Registered Disability Savings Plan (RDSP): What Is It?

Registered Disability Savings Plan (RDSP): What Is It?

Physical and mental disabilities make it challenging for individuals to maintain financial security or work. A Registered Disability Savings Plan (RDSP) gives disabled citizens a way to save money. Individuals wondering, “What is an RDSP?” may be eligible to start a savings plan, while ineligible citizens can contribute to other types of funds.

What Is an RDSP?

Registered Disability Savings Plan or RDSP is a savings plan that allows disabled Canadians to prepare financially for their future. It operates similarly to the Registered Retirement Savings Plan (RRSP). Holders receive monetary deposits over an extended period.

In addition to disabled people opening and funding an RDSP, family members of these individuals can also open and contribute to an RDSP on their behalf. Caregivers may open an RDSP to prepare to meet the healthcare demands of a disabled loved one, and those with disabilities may save or use the money to pay for regular expenses as they age.

Contributions can continue until the total contributed funds amount to $200,000 or the beneficiary turns 60. Government grants stop at age 49 and have a $90,000 lifetime limit.

Who Qualifies for an RDSP?

Those benefitting from a Registered Disability Savings Plan must meet all eligibility requirements. 

You must be eligible for the Disability Tax Credit (DTC). This tax credit reduces income tax for impaired individuals and proves disability status. Those eligible for this credit have serious, extended impairment or severe impediments regarding walking, dressing, speaking, mental functions, feeding, and more. 

Additional qualifications include:

  • Possess a valid Social Insurance Number (SIN)
  • Be younger than 60 years
  • Live in Canada

Benefits of an RDSP

An essential aspect when learning about “What is an RDSP?” is its benefits. Between investment location flexibility, government financial assistance, solutions for low-income individuals, significant contribution freedom, and effortless transfer of wealth, RDSPs offer many reasons to invest.

More Investment Choices

It’s easy to invest in a Registered Disability Savings Plan, no matter where you live. You’ll find the RDSP at many Canadian financial institutions, including banks, credit unions, and securities companies.

Government Benefits and Grants

Those with the Registered Disability Savings Plan can keep receiving their traditional government benefits as they will not disqualify you. In addition to receiving your regular government benefits alongside your RDSP, you may receive government grants.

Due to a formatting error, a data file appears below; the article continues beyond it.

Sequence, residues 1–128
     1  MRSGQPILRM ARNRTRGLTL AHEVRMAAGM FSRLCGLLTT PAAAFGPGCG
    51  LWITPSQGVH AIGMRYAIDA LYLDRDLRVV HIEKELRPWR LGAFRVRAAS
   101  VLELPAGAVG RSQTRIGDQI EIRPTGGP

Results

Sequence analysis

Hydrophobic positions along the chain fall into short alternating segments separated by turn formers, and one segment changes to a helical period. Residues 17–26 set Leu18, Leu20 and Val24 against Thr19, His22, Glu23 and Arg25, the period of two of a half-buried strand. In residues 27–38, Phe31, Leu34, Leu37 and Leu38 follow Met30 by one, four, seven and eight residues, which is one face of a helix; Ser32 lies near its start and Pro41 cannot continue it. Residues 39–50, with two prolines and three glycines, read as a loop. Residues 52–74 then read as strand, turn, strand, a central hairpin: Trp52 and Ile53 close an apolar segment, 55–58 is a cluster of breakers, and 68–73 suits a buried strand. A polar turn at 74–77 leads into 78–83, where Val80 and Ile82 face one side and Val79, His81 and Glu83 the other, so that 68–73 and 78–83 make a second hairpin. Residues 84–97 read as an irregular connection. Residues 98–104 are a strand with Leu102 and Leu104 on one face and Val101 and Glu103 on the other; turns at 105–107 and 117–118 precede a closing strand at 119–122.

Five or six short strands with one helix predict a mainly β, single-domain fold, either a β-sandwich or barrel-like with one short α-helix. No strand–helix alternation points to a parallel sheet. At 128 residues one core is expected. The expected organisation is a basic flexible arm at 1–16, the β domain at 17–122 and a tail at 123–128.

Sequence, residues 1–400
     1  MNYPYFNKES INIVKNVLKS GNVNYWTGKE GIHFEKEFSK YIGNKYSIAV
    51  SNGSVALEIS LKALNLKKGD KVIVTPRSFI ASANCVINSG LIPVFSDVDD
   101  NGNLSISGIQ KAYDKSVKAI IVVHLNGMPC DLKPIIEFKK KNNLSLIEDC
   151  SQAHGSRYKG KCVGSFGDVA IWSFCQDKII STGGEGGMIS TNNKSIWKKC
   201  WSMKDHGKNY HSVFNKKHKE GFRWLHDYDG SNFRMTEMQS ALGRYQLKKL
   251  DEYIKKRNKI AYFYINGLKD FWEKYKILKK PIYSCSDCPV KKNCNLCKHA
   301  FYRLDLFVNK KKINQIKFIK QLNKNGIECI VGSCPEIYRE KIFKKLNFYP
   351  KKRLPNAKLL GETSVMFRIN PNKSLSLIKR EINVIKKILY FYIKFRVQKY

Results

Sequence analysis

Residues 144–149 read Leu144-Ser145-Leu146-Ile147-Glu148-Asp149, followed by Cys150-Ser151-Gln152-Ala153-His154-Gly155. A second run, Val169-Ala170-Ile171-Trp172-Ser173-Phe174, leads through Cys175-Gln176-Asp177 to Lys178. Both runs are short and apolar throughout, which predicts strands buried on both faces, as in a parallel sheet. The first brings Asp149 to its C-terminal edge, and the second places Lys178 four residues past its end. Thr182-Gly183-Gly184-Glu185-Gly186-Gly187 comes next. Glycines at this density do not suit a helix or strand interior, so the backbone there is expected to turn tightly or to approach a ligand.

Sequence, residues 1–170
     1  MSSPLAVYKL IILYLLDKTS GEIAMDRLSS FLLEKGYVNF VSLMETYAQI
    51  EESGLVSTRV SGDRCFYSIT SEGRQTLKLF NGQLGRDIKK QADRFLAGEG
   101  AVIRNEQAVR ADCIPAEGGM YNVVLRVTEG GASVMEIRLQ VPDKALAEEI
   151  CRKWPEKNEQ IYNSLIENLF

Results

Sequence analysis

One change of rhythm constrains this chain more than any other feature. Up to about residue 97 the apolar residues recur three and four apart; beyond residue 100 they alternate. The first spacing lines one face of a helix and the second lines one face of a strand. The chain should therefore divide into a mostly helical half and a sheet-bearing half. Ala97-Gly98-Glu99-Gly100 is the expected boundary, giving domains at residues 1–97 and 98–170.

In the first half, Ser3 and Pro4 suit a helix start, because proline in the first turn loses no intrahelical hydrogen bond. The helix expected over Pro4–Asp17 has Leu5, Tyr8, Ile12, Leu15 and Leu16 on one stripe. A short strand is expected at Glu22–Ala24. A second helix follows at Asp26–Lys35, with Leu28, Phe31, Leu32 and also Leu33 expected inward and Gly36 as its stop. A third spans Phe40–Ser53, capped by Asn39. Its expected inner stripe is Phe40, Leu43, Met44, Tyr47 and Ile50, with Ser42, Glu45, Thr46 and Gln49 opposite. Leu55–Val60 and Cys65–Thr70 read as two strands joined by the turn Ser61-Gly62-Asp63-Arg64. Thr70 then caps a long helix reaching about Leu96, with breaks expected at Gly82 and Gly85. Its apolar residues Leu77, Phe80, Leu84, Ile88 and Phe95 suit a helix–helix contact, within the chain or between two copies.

The lifetime grant contribution limit is $90,000. Regardless of the grant you apply for, you’ll need to meet specific criteria to be eligible and receive the maximum amount from the government.

  • Canada Disability Savings Grant (CDSG): This grant gives your RDSP up to $70,000 in lifetime contributions based on current RDSP deposits and beneficiary income.
  • Canada Disability Savings Bond (CDSB): This bond allows low-income households to get up to $20,000 for their RDSP and also depends on the family income.

Low-Income Assistance

Low-income disabled individuals don’t have to worry about their future. Generous contributions from the government allow you to save. 

Depending on income, you may receive a full or partial grant worth up to 300% or be eligible for the CDSB. Governmental and other entity contributions to your group RDSP are not taxable until withdrawal.

Contribution Freedom

Loved ones and caregivers wondering, “What is an RDSP?” can also contribute to this savings plan. It’s also possible for organizations and other entities to contribute. There is no annual contribution limit.

Some caregivers act as holders for RDSP beneficiaries and control all decisions regarding the account. Contributors must first have the RDSP beneficiary’s permission to donate. They cannot withdraw funds on behalf of the plan holder or beneficiary.

Wealth Transferral

Disabled individuals’ caregivers are frequently their parents or grandparents. These people may have their own retirement funds such as a Registered Retirement Savings Plan (RRSP) or a Registered Retirement Income Fund (RRIF). When caregivers pass away, disabled dependents with an RDSP can still get investment income. 

Disabled beneficiaries can receive tax-free retirement savings from their deceased loved ones to continue supplementing traditional income. These individuals may also be eligible to receive the Canada Disability Savings Grant. The $200,000 RDSP lifetime limit still applies.

How Does the Disability Tax Credit Work?

If you suffer from long-term disability, read our article to find out if you can get money back on your taxes.

Group Enroll: Registered Disability Savings Plan Comparison Services

Group Enroll is a leading insurance broker offering comparison and selection assistance for disability insurance plans, Registered Disability Savings Plans, and more. Our team helps you locate and select the best RDSP available in your province by comparing competitive rates from top providers.

If you’re still wondering, “What is an RDSP?” the professionals at Group Enroll can further explain. We’ll answer all your questions regarding Registered Disability Savings Plans and help your employees and their loved ones get the solutions they deserve.

Fill out our quote form to get top quotes on group RDSP rates. Find Group Enroll at 10 Great Gulf Drive, Unit 5, Vaughan, ON, L4K 0K7, and contact our expert insurance brokers by emailing [email protected].

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